5 Amazing New Inventions (That Will Doom Humanity)

5 Amazing New Inventions (That Will Doom Humanity)
Science is like heroin: It'll give you some of the best and worst times of your life, and occasionally they will be the exact same thing (sure, that body high is amazing, but you'll have to live with the shame of that indecent exposure arrest at the Red Robin for the rest of your life). Here are five inventions that will most likely revolutionize the modern way of life, right before they flush it down the toilet.

Flame Drills


A man named Jared Potter has recently developed a pair of flame drills that operate at temperatures of 3200 and 7200 degrees, respectively. That's hot enough to pretty well burn through anything, but rather than mounting them on the front of a spike-treaded tank and driving it into the UN to deliver his list of demands, Potter has instead opted to turn the fury of his psycho-drills on the very planet itself. At such high temperatures, the drills are capable of boring through the Earth's crust without ever actually touching the rock itself, thus eliminating the need for replacement drill bits, equipment maintenance and rock cooties.
How This Will Change the World:


If we're able to cheaply and efficiently burrow deeper into the Earth's crust than ever before, we can tap past the earth's crust to the chewy center, where a sea of molten rock lies waiting to power the flying cars of the future. The chief downside to using all that glowing hot earth juice as an energy source has always been location: If you don't live in a Dr. Evil style volcano base, it just doesn't do you much good. But with these new flame drills, geothermal shafts can be dug anywhere, just like tapping a well. A spurting well of unceasing Hellfire, sure, but a well nonetheless. This could cleanly solve all the world's energy needs and, what's better, we could look fucking
hardcore while doing it.

"Just harvesting some fuel."

How This Will End The World:


What part of superheated hydrogen drill boring into the Earth's core didn't set off an alarm with you? The whole idea reeks of barely veiled supervillainy, but even assuming that Potter has the best of intentions and is not, in fact, hiding a Cobra Commander mask in his back pocket, tapping a geothermal well where there is not already a natural vent brings a few risks along with it: volcanic eruptions, searing magma, earthquakes and crustal instability, to name a few. A volcano's only job is to provide an avenue for magma to exit through - but dramatic eruptions are only caused when that vent is blocked long enough to build up significant pressure. So if anything blocks, interrupts or otherwise interferes with the vent, then you have all the criteria for a volcano. Where's the nearest power plant to your house? Two miles? Five? Now, where's the nearest volcano? Yeah, well, pretty soon you're only going to need to know the one answer.

Warp Drive


A lot of thought is being poured into new methods of space travel, and what scientists across the globe are discovering is that
Star Trek is awesome, so fuck it: We're just going to do that. The term "warp travel" generally refers to a sort of jury-rigged workaround for the physical speed limit set by Einstein's Theory of Relativity, wherein one would propel space itself around a ship rather than power the ship through space. It's basically just exploiting a technical loophole in the universe, allowing us to travel at warp speeds by virtue of being total dicks to physics.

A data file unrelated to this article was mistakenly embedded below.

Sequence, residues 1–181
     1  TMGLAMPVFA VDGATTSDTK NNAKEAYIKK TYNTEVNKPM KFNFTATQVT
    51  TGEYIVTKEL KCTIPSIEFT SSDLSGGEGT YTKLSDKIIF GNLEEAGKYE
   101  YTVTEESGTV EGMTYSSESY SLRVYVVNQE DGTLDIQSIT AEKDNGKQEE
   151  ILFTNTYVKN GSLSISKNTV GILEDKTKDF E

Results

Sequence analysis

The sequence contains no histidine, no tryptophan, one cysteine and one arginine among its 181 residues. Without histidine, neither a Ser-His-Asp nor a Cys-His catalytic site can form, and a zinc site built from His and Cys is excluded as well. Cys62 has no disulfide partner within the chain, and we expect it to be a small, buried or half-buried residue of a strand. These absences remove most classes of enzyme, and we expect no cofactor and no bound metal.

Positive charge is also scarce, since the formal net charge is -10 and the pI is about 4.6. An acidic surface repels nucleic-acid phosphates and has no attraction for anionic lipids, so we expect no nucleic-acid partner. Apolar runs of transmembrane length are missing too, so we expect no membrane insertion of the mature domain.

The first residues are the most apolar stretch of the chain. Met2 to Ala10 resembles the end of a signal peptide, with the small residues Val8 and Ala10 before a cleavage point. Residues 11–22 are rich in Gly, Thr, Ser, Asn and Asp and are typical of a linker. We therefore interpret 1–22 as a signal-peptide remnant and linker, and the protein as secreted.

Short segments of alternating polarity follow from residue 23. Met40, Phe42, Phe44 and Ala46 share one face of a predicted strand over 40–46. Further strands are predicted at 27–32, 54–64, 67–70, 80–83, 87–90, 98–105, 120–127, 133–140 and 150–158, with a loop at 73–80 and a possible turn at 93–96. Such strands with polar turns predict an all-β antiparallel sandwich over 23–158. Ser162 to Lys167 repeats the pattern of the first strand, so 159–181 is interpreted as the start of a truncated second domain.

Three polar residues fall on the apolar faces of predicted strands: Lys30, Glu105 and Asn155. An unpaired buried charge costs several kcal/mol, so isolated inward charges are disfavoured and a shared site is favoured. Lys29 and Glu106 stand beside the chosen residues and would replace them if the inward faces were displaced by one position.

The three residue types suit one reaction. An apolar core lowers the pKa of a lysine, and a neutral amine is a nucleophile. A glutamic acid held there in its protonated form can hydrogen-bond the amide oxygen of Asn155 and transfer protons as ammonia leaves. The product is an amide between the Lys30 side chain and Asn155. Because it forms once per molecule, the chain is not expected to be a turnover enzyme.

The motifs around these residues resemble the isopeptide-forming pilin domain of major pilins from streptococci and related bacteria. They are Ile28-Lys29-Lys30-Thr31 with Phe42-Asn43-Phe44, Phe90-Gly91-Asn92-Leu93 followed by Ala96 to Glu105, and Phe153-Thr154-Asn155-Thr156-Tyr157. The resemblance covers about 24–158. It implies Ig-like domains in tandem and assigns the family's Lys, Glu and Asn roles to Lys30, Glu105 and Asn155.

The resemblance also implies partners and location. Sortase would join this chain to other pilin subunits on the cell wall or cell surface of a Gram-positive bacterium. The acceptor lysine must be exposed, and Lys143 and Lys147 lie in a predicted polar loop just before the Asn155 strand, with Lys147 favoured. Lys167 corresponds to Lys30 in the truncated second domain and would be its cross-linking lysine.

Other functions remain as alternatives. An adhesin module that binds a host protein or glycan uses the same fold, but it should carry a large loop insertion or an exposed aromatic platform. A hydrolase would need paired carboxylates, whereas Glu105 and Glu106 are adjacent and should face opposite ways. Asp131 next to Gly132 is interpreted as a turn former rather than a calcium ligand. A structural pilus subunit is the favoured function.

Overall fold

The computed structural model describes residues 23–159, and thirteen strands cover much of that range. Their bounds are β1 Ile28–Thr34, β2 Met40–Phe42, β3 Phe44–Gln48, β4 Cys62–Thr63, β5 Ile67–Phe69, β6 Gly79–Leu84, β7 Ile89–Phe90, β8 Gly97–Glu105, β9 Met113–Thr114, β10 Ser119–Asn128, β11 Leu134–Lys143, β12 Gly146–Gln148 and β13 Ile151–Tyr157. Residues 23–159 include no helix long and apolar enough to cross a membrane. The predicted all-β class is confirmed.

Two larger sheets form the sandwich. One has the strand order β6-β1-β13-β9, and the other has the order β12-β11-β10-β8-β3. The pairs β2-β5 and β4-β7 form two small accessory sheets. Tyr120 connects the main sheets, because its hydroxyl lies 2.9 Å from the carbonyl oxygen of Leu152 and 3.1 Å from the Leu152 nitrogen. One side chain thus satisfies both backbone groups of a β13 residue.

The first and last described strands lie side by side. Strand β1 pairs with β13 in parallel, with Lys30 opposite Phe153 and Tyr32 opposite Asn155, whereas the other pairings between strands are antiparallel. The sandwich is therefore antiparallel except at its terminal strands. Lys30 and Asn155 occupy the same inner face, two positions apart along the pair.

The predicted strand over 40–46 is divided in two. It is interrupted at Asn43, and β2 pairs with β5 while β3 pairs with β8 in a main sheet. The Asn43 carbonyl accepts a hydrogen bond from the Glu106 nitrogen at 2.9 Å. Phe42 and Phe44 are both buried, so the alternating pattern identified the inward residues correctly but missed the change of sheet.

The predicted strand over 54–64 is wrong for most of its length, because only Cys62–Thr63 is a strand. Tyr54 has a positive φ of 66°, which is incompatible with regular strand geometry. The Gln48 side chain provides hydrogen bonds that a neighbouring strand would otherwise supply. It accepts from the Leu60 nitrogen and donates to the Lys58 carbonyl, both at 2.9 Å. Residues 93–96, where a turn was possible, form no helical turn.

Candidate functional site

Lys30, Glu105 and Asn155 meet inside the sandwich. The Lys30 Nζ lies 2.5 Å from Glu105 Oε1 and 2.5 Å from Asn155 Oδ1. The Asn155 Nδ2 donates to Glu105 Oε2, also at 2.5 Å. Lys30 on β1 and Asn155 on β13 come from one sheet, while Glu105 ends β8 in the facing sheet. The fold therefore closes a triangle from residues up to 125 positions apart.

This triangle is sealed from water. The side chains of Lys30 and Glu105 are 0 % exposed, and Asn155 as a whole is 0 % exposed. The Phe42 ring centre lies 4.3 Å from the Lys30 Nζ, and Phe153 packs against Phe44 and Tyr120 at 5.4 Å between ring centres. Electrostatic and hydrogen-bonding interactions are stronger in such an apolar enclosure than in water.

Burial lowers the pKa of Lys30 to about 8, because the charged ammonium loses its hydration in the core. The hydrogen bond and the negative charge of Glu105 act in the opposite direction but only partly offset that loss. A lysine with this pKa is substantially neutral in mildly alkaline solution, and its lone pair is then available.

Take that, Physics, take it all!

How This Will Change The World:


The great thing is that interstellar travel could very well be a possibility, as the fundamentals of a warp drive are being nailed down by some of the brightest minds in the world right now. Truly feasible interstellar travel could well traverse that last great step for humanity: The creation of a global society. There are countless divides between people that allow us to morally separate ourselves from one another. But interstellar travel could not only bring about the usual benefits science fiction promises us, (namely some of that sweet green alien strange) but also the end of all internal Earth conflict. If there are suddenly a billion other accessible galaxies teeming with life, the "us vs. them" mentality gets scaled up accordingly. Now instead of mere interspecies fighting, it's Earth vs. Everybody Else (hey, let's not fool ourselves here: We're always going to bomb the shit out of somebody; interstellar travel just means you're less likely to be related to them).
How This Will End The World:


The bad news is that it could cause a black hole every time you put key to ignition. A group of scientists in Italy say that the chief design principle of a working warp drive would also be its fatal flaw: A warp engine would work by creating a massive "bubble" of distorting energy behind the ship, but the energy output is so enormous that if it were to run out--like say, when you slow down, park or just run out of gas--the bubble would inevitably collapse on itself, thereby generating massive, sun-like temperatures before folding and creating a black hole. But hey, you've still got that engine! You can run away from it at warp speed! ...Unlike the solar system you're launching from.

"Boy, space sure was fun. Whelp, time to go."

So sure, you may be able to travel to new galaxies and meet fascinating alien civilizations, but you'll be burning those bridges right behind you--along with the rest of their entire planet. We guess as long as you don't give a shit about the sanctity of alien life, and never plan on returning home, you can burn your way through the universe with your jerk-drive all you want. Jerk.

Artificial Brain


Artificial Intelligence is a staple of science fiction thrillers--from HAL 9000 to
Wargames. The second we established the concept of AI, we pretty much knew that it would hate us with an undying passion. Perhaps we just have collective self-esteem issues; no sci-fi masterpiece depicts an AI that, upon coming online and searching its database in an effort to better understand mankind, responds by shouting, "You guys are awesome! We should get nachos!" So clearly, creating conventional AI sounds risky; we're naturally assuming hatred and villainy will be an unintentional byproduct. But what happens if you instead simulate a human brain, with the same moral equilibrium, emotions and reactions we possess? It's not that far-fetched: Henry Markram, director of the
Blue Brain Project, claims that scientists will most likely perfect the artificial human brain in the next decade. They've already got the first elements of an artificial rat brain nailed down which, incidentally, might explain why the Internet keeps hissing at us and scurrying into the corner.
How This Will Change The World: